|manual to 180||Adam Grandmaison, thecomeupbmx.net, march 2009: I think Brian Castillo invented the manual 180 in the 90s but it remained untouched by all but a few for many years. Then trend setters like Brian Wizmerski and Oliver Leonard took it under their wings and began to do the trick out of almost anything. Often not even off a curb or into a wedge. Kids noticed, and kids will be kids, so the kids copied it. Pretty soon kids realized that the manual 180 wasnt really that hard at all. And it got over-done. Really bad. Along the way a lot of really technical, amazing stuff happened that included the trick (Chase Hawk doing 360 nosebonk to manual 180s over spines stands out in my mind). But like most tricks that get really big really fast, it quickly faded away. I recall a Ride BMX article on their website in which Chris Doyle said that he hated seeing manual to nowhere 180s (or was it Taj? Or Aitken? Its a distant memory) and it seemed like that really turned people off to the trick. Nowadays manual 180s are still really common, but their inbred to nowhere step child is rarely seen.|
|pedal grinds||Jean Somsois 1989|
|pipe||Eddie Fiola 1986.|
|really wallride|| 180 air onto a wall, landing on the wall facing the transition.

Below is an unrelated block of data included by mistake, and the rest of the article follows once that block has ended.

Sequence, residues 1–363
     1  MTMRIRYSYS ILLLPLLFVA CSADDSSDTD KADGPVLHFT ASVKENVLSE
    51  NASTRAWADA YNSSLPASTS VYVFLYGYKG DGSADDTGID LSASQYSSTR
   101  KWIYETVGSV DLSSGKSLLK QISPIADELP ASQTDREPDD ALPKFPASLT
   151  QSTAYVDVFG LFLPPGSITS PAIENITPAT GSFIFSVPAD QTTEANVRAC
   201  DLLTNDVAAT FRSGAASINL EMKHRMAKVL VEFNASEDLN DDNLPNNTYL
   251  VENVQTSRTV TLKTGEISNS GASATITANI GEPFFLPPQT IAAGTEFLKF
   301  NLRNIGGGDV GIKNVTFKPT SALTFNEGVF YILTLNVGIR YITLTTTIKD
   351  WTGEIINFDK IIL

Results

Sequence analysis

Invented by Ruben Alcantara in 2000.
At the 2004 worlds in Cologne, Gary Young did a downside whip to really wallride.
|Ruben X-Games 2000.
Gary Young 2004.
|rodeo grind||Rodeo Grind invented circa 2000 by Ruben Alcantara. Ruben started in a feeble, then threw the bike sideways on a ledge and rode it out|
|smith grind||A Smith grind is where your front peg is grinding and your rear tire is on the object you're grinding.
Leigh Ramsdell has done a backflip landing in a smith grind on a funbox.
|tailwhip foot plant||Vic Murphy 1988.||One handed in Go august 1990|
|toothpick grind||Rick Moliterno is doing front peg grinds (toothpick) down hanrails 7 stairs long.|
|uprail||Ben Snowden Up-Rail to Frontflip at Woodward, april 2008.
www.vitalbmx.com, april 2008: Everyone's into doing up-rails these days, but Ben Snowden just did one that's flat out nuts.
Sean Sexton, Uprail toothpick hangover to 360 out, september 2009.
|wall ride||1985: Hugo Gonzales pulls a fence spring at Upland...the first wallride?
Flat bunny hop to wallride by Nick Phillip in BMX Action 1985.
|Hugo Gonzales 1985.
Pete Kearney 1989.
Ryan Lloyd 2012.
|wall nosepick||Ron Kimler ?||Rob Ridge using his front brake on the cover of BMX Rider february 2004|
|wall ride to 540||Wallride to 540 out by Craig Campbell in 1989.||Craig Campbell 1989.|
|wall ride to bikeflip||Morgan Wade pulled a wallride to bikeflip in 2005.|
|wall ride to flair||Wallride to flair Chad Kagy attempt 2002.
Flair to wallride by Matt Beringer in 2002
Dave Mirra was pulling them in 2003.
|wall tap||Walltap by Marcus Dheirten in 1992.||Niels Thanild 2001.|
|whopper||Bill Nitschke invented the bunny hop tailwhip in 1990.
Danny Hickerson has done bunnyhop opposite tailwhips.
Dima MON Osokin did an hand-five to tailwhip, may 28th, 2011.
|Andrew Faris 2000.|